To address the political, economic and legal barriers to patients' access to life-saving treatments, MSF created, in 1999, the Access Campaign (the Campaign for Access to Essential Medicines). In these videos, Jean-Hervé Bradol, doctor and crash study director, answers questions from Andrea Bussotti (MSF-France Operational Communication Manager). In the light of the historical background of the early days of the Access Campaign, he analyses the medico-operational context of the Campaign today and asks himself the question of its objectives.
Medicine and public health
The CRASH team invites you to the debate-conference “Healing foreigners in France: The State and the civil society organisations from the 80s to the 90s” on Monday 17th of December 2018 from 6 to 8pm, in the 1rst floor room at the 8 rue Saint-Sabin. We will be hosting Caroline Izambert, who recently defended, at the EHESS, her PhD thesis focusing on the foreigners’ access to healthcare in France. Her title: “Heal foreigners?” The State and the civil society organisations for the health coverage of the poor and foreigners in France from the 1980s to the present day.
Who profits from vaccination? Individuals? Society? Companies? Is vaccination efficient? Is it dangerous? Profitable? What are the factors influencing public opinion in this domain? Lise Barnéoud, science journalist and author of Immunisés ? Un nouveau regard sur les vaccins, has engaged in an investigation revealing multiple - and sometimes contradictory - realities observed in the French vaccination sector. She has carried out her investigation from three distinct viewpoints: the one of a mother who needs to decide whether to vaccinate her children or not; of a journalist leading an enquiry; and of a scientist analyzing how facts are built.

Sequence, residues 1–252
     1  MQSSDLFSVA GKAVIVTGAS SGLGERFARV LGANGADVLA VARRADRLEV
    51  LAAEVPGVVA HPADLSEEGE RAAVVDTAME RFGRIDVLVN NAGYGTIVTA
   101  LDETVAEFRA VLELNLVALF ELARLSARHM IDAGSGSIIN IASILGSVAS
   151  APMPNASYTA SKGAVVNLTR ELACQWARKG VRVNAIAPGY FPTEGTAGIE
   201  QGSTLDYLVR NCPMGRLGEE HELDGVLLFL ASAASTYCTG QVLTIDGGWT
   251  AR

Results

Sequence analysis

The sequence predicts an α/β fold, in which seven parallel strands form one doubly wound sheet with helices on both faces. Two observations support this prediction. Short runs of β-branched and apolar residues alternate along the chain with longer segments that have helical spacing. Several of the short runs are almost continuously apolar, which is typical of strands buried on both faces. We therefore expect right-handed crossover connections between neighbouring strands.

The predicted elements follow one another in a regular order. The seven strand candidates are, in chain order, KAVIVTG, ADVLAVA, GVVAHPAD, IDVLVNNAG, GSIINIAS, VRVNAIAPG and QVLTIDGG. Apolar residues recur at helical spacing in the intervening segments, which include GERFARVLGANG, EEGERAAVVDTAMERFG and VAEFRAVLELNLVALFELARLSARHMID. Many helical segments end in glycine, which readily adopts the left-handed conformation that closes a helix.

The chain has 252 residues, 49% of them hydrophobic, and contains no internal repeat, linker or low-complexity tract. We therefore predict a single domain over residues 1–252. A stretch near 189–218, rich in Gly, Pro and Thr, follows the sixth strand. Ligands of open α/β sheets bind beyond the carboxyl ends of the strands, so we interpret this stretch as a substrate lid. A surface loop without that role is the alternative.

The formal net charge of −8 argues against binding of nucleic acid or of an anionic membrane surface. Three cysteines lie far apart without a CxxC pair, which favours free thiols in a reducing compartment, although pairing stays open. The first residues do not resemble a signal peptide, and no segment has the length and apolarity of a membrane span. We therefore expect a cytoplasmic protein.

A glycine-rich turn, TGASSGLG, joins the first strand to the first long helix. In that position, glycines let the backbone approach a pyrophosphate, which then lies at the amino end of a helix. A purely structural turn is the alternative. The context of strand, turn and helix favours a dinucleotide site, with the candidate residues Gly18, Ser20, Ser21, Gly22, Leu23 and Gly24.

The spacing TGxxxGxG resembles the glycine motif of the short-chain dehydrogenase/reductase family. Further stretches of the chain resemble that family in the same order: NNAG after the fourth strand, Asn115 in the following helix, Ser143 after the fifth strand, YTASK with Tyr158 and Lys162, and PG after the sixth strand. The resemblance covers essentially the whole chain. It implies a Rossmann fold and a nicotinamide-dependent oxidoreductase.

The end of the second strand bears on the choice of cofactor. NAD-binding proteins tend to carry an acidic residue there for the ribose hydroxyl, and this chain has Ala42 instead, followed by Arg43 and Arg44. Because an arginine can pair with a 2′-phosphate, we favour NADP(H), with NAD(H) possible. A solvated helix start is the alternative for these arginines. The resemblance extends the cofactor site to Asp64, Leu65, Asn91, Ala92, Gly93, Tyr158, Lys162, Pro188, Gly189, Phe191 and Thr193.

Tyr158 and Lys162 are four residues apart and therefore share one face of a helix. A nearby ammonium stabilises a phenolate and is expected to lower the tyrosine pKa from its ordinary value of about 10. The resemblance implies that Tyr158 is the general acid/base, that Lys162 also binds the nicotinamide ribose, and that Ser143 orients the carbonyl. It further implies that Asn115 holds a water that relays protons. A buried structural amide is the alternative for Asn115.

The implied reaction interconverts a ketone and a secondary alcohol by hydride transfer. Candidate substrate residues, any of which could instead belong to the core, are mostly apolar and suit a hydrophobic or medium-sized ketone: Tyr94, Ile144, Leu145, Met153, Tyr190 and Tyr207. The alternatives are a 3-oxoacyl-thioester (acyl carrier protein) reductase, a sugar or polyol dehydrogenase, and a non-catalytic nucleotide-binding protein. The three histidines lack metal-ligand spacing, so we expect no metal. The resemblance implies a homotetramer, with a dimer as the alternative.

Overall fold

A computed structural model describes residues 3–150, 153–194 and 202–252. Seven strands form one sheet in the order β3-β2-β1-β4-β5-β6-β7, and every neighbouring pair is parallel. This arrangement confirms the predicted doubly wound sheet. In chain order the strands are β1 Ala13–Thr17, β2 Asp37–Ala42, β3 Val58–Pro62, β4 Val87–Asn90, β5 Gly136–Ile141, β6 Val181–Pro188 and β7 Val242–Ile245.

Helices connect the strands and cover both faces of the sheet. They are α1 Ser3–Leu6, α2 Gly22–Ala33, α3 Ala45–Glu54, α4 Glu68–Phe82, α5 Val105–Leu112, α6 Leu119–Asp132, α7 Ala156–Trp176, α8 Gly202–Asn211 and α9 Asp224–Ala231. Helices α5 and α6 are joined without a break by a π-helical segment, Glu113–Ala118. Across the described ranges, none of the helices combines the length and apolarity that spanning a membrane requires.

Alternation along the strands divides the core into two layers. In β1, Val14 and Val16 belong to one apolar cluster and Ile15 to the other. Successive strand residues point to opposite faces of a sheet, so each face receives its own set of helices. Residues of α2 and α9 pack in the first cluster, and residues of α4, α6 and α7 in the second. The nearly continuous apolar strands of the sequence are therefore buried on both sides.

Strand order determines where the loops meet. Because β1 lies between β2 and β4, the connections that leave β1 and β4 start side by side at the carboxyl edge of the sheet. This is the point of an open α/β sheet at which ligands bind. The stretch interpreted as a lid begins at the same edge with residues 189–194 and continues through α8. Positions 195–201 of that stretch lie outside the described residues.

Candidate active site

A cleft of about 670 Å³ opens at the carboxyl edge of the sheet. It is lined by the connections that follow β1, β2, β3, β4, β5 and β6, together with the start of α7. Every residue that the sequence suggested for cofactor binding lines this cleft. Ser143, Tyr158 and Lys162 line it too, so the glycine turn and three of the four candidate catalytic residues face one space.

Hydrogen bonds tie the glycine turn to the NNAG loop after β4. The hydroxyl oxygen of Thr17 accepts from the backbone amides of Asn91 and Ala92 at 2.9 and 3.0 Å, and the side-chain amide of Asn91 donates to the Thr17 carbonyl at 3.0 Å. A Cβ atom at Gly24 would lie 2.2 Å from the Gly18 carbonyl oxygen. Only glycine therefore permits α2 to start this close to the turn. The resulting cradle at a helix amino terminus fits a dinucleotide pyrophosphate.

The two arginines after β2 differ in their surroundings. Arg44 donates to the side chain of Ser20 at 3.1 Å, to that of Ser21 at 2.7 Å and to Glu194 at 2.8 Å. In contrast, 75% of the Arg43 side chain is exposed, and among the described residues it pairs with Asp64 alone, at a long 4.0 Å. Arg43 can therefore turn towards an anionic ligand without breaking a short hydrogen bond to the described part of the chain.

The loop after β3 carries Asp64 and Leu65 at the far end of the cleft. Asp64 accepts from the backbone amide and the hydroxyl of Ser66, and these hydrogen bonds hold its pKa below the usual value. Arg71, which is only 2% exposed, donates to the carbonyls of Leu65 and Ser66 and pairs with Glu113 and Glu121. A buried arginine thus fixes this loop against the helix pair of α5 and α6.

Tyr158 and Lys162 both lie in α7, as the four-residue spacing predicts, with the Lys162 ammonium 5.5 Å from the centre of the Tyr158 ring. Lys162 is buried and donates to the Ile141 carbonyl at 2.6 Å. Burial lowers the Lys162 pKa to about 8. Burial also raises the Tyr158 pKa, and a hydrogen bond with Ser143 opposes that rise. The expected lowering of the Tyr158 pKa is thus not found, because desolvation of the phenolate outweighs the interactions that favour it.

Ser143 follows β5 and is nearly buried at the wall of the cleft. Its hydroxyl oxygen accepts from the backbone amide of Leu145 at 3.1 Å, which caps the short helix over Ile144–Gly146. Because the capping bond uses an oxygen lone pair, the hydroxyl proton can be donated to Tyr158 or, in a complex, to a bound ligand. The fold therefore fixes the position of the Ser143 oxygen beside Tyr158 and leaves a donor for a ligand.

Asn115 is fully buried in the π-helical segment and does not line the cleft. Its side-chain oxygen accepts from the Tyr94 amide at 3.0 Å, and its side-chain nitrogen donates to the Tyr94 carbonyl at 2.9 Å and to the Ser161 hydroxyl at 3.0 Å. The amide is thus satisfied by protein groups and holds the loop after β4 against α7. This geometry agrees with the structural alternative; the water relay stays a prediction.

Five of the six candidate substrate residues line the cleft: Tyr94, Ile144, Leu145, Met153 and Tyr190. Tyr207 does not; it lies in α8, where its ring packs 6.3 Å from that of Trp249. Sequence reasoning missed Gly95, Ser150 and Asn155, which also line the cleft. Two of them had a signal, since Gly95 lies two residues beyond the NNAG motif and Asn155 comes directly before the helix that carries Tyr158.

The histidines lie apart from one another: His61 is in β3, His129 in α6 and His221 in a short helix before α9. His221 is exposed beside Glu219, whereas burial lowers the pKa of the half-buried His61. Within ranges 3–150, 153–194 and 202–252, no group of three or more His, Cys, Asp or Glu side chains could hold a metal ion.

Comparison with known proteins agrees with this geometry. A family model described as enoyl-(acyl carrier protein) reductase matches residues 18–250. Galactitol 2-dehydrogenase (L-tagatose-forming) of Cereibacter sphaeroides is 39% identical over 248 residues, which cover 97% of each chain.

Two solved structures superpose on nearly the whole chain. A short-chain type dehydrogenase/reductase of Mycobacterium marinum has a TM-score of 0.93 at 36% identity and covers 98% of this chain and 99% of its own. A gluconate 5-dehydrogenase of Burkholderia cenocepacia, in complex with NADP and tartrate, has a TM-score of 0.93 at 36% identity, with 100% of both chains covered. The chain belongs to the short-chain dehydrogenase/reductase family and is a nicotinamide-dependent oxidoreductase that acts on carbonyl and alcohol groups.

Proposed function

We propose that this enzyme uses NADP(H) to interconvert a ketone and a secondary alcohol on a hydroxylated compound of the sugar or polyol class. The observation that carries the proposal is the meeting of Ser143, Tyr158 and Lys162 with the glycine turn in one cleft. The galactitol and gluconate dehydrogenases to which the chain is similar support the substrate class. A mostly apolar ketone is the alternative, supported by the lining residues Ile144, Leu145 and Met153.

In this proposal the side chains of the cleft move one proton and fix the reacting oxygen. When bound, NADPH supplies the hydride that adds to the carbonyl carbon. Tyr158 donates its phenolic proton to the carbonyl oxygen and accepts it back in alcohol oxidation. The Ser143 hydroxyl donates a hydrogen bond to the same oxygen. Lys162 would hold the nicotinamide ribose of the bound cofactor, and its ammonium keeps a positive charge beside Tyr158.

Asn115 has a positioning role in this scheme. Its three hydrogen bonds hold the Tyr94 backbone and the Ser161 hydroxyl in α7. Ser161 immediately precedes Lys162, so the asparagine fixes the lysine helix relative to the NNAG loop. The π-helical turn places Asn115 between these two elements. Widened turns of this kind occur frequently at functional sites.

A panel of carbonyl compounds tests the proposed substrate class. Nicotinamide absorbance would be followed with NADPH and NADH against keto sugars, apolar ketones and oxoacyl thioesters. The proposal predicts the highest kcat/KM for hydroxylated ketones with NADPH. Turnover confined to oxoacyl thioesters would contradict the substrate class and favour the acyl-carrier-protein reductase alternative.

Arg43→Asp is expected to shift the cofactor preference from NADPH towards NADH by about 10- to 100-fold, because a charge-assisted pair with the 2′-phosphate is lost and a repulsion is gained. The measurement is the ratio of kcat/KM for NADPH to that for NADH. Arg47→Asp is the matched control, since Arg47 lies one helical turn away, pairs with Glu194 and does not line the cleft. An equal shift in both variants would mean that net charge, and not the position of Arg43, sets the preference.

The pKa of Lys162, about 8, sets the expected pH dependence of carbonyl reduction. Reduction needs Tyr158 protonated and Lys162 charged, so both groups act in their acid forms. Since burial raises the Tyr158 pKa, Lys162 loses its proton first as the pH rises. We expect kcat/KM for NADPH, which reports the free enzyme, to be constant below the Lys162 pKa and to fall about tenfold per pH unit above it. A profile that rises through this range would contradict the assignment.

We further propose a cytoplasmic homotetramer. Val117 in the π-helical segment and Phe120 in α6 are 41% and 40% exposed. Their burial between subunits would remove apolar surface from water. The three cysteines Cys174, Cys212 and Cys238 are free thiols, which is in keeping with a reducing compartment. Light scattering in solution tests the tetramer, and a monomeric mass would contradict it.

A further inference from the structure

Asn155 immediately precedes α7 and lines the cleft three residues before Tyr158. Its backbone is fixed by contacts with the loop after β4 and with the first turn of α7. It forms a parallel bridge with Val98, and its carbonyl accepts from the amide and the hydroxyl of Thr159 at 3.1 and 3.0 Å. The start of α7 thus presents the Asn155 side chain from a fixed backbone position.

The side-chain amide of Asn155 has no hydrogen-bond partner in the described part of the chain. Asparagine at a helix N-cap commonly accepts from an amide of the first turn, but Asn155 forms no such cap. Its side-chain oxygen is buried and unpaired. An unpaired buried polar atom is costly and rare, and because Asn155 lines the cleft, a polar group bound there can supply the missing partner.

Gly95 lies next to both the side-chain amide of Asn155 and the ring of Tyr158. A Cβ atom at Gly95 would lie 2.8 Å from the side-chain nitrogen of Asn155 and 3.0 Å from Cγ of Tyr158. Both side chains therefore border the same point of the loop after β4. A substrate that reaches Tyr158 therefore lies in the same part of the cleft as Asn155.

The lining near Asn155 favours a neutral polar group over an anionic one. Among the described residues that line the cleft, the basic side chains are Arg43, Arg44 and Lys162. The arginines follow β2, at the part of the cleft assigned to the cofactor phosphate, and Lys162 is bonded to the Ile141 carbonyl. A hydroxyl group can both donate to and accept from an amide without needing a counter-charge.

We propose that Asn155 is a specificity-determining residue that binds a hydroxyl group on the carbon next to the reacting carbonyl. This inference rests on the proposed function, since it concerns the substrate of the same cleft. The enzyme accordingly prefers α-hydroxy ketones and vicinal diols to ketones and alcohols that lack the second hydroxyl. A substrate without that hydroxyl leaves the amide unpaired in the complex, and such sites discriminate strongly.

Lise Barnéoud was a Crash guest speaker at a conference on vaccination held on December 5, 2017. A discussion with Epicentre, Crash and the MSF Medical Department allowed us to exchange views on vaccinal policy, which remains a cornerstone of MSF operations and a recurring subject of discussion and controversy.
Sharon Abramowitz is an anthropologist and a visiting researcher at the Department of Anthropology at Rutgers University, co-editor of recently published Medical humanitarianism. Ethnographies of practice. She has devoted much of her work to responding to epidemics - most recently in Ebola, and in West Africa, Liberia in particular.
During the conference organized by MSF-Crash on 23 October 2017, she discussed the contribution of medical anthropology to humanitarian action as well as her latest book and most recent projects.
The polio eradication campaign has indeniably and remarkably succeeded in tumbling down the number of polio cases worldwide. But difficulties currently faced by the Programme -pockets of social resistance in several countries, reinfection of some countries, outbreak of epidemics associated with strains of vaccine-derived polio viruses- indeed challenge one of the main assumptions underlying the objective of the eradication itself : the full compliance of an entire population to a public health program.
The emergency and constraints of certain catastrophes force MSF teams to medical and operational audacity. To take new paths or stray away from official protocols is to run the risk of doing things less well, of perhaps doing harm and dilapidating resources...